Faced with too many common folk, Facebook went exclusive with a snazzy new version—only by invitation.
Remember the stuff they used to say about the world becoming a family? How social networking via the internet was bringing people together… crushing distance, junking geography, overleaping boundaries and reshaping relationships? How Facebook and Twitter were the biggest human equalisers since the zipper?
All that bunkum is out, out, out. Gone. Kaput. Finito.
Some analysts think it was, like the smell of almonds, or fate itself, inevitable. Sometime in 2014, ten years after ‘social networking’ arrived on a mission to bring the world together, it became the world’s newest class barrier. It happened as many such things do. Driven by nostalgia for its Ivy League origins as a Harvard-only network, Facebook began Facebook Black—by invitation only.
Its second biggest attraction was its annual fee, which was more than the price of a razor-edged sedan, the biggest being the very privilege of an invitation, rumoured to be rarer than one for the Oscars. A real nose-upturner.
Of course, it was a technological marvel, and a brave new one at that. Facebook Black SS ran on the Sixth Sense platform; you no longer needed to log on, or even sit in front of the computer, or even point a camera to shoot. Pranav Mistry, the whizkid of Indian origin who invented Sixth Sense and was interviewed by Open long before he achieved worldwide cyber-fame, had finally developed a smaller portable version of his prototype which could be operated by hand gestures. This took finger pointing to a new level altogether, which meant that all that users of Black SS had to do was wear markers on their fingertips, hang a small projector by their necks, and presto, the world was their network.
It was super convenient. Just pointing at someone was enough to add him as a ‘friend’ (with backroom security services doing all the checks), and a mafia-esque gesture with the thumb meant he was being ‘unfriended’ with immediate effect (with the backroom taking due note).
The input technique, though, wasn’t the only change. Facebook itself had changed. You could still scribble travelogues and maintain photo albums, but this was about luxury, so your profile page could be designed by Kioken (charges: about $500,000 for a site), and your holiday pictures edited by Annie Leibovitz, Demarchelier and the like. Then came the ultimate concierge service. You no longer needed to think of a witty status message, just tell Facebook what you’re thinking, though the backroom snoops can guess what you’re thinking quite accurately, and they’d execute it for you. Black SS took personalised luxury to another level. Fashion shows dumped Paris and Milan for Black. Its virtual front row reeked of privilege, as did the decidedly classier Schmooz, Pssst, Flirt and Po’ak (‘poke’ with an upper-crust accent), all just a finger flick away.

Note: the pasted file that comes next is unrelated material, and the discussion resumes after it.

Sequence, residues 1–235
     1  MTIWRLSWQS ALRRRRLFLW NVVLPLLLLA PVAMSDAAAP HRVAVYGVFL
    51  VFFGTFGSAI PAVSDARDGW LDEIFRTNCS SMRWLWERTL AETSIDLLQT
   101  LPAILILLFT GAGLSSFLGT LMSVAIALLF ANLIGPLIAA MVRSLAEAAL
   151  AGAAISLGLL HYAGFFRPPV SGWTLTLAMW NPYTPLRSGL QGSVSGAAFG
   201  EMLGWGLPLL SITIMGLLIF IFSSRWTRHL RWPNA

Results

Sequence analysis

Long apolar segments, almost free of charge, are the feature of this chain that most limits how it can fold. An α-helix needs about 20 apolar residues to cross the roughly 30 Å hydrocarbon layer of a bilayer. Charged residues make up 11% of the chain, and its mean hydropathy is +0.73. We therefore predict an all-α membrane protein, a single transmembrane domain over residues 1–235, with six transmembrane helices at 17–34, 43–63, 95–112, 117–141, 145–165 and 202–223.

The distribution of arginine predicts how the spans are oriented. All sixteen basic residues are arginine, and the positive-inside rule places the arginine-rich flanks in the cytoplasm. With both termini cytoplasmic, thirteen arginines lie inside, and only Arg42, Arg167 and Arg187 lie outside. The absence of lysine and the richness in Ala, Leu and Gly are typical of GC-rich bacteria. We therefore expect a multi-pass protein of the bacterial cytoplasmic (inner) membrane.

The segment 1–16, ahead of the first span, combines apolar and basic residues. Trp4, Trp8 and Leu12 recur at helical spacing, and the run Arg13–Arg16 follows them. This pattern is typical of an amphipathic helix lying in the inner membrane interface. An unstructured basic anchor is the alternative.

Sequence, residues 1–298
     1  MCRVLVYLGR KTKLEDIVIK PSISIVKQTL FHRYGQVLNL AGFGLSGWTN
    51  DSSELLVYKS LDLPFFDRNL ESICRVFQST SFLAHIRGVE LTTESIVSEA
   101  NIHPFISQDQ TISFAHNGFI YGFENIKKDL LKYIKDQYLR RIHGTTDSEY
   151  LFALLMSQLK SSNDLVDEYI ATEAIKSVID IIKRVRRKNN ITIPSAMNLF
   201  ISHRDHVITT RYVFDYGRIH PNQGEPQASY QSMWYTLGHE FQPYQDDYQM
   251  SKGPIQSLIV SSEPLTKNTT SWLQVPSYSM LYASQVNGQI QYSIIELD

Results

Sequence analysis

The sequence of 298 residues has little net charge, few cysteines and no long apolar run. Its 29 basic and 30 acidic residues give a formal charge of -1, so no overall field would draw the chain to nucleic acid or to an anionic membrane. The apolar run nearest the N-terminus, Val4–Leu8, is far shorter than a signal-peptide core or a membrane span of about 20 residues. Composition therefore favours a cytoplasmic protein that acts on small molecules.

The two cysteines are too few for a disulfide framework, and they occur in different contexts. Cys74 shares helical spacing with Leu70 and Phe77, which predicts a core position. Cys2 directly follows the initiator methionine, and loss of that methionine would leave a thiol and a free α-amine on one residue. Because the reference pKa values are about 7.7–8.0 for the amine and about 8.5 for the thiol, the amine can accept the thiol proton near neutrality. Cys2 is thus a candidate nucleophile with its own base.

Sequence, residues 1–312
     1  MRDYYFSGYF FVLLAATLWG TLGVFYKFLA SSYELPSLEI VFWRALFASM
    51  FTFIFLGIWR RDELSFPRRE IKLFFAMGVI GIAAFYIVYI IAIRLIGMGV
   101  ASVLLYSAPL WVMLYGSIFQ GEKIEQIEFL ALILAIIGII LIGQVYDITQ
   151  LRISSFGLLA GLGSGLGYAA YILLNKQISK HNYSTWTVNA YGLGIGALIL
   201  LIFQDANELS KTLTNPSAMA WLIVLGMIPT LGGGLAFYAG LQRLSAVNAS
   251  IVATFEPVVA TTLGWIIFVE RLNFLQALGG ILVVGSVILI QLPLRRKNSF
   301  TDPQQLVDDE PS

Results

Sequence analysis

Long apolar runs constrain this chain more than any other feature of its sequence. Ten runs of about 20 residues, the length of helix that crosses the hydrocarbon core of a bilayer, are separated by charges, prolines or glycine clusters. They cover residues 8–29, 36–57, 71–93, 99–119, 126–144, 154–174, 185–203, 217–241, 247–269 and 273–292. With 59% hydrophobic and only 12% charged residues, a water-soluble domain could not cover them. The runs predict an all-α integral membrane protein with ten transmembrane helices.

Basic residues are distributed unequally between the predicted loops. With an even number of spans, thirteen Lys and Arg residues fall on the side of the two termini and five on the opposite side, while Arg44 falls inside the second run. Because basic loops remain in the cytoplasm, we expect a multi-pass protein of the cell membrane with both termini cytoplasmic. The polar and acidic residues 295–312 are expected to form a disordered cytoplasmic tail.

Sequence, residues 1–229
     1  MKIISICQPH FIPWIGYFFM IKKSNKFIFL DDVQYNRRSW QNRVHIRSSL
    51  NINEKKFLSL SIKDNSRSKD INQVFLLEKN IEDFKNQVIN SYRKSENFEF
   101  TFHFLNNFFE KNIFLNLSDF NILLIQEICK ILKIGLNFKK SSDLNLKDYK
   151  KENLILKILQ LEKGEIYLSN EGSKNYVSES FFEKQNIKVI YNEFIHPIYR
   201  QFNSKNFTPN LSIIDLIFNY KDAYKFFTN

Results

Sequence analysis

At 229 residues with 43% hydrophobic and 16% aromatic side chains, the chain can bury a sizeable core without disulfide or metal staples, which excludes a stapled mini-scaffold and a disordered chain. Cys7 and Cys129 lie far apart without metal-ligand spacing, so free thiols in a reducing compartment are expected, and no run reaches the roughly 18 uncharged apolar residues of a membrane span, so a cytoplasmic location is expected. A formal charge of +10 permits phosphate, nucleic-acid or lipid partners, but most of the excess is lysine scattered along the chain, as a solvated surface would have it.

The higher ups in the Black hierarchy took their new found love of ‘privacy’ to another level as well. Parties, after parties, after after parties and affairs with others’ wives, not to mention the Botox parties, all happened only within the most rarefied regions of Black, barred to anything approaching riff-raff. If allowed in, you could whisper in Gaultier’s ear, bitch to Nicole Ritchie about that old hag Paris, and convince Steve Jobs to get you a prototype of the ninth generation 3D iPhone.
But the most successful aspect of Black has been its neat avatar application (not to be confused with characters in Avatar 3: The Revenge of the Flying Navi). The app was out of the world, with option choices ranging from butt sponginess to boob upliftment levels, with cyber threads designed by Fendi, Herve Leger or Monsieur Armani.
These past few years, people have tried explaining the phenomenon of Black. The consensus view, as determined by a Black poll (others don’t count) is that the world was becoming too much of a family. Millionaires, artists, film stars and ministers were all on Facebook along with all those common folk (read nobodies) and pesky activist types with a new petition to sign every day.
True, it worked nicely for a while. Having hundreds and hundreds of virtual friends, and knowing who a friend of a friend of a friend was having a cyber affair with, all under the watchful gaze of cyber snoops of varied affiliations, was fun while it lasted. Voyeurism can be fun even for lay folk. But the privacy settings had already come under intense pressure, if not scrutiny, and in the ensuing chaos of information blurring the private and public divide, it was perhaps inevitable that social networking would have to abandon its openness and go exclusive.
However, old-fashioned Facebook for the aam janata is not exactly a ghost town. There are people there, especially politicians who insist they like hugging India’s sweaty toilers (online, of course). Look hard enough, and you still find unending rave parties with cyber dope and purple highs, whether you are stuck in a traffic jam or a yawn-a-minute meeting. Your Facebook identity still serves as your primary identity, and the backroom security men have finally mapped all the millions of connections here too, so it has been sanitised for safe usage by the finicky.
Why, as I sit writing this, I am still on Facebook, the original network. In fact, I have just changed my relationship status to ‘single’, shot off a message to my grocer for some eggs and milk, checked on my dry-cleaning and fixed a date with a girl I saw on a friend’s friend list. That said, you’re bound to wonder what happened to those who tried to rebel against ‘profiling’ by deleting their FB profiles to go offline. It was social, professional and active suicide all rolled into one.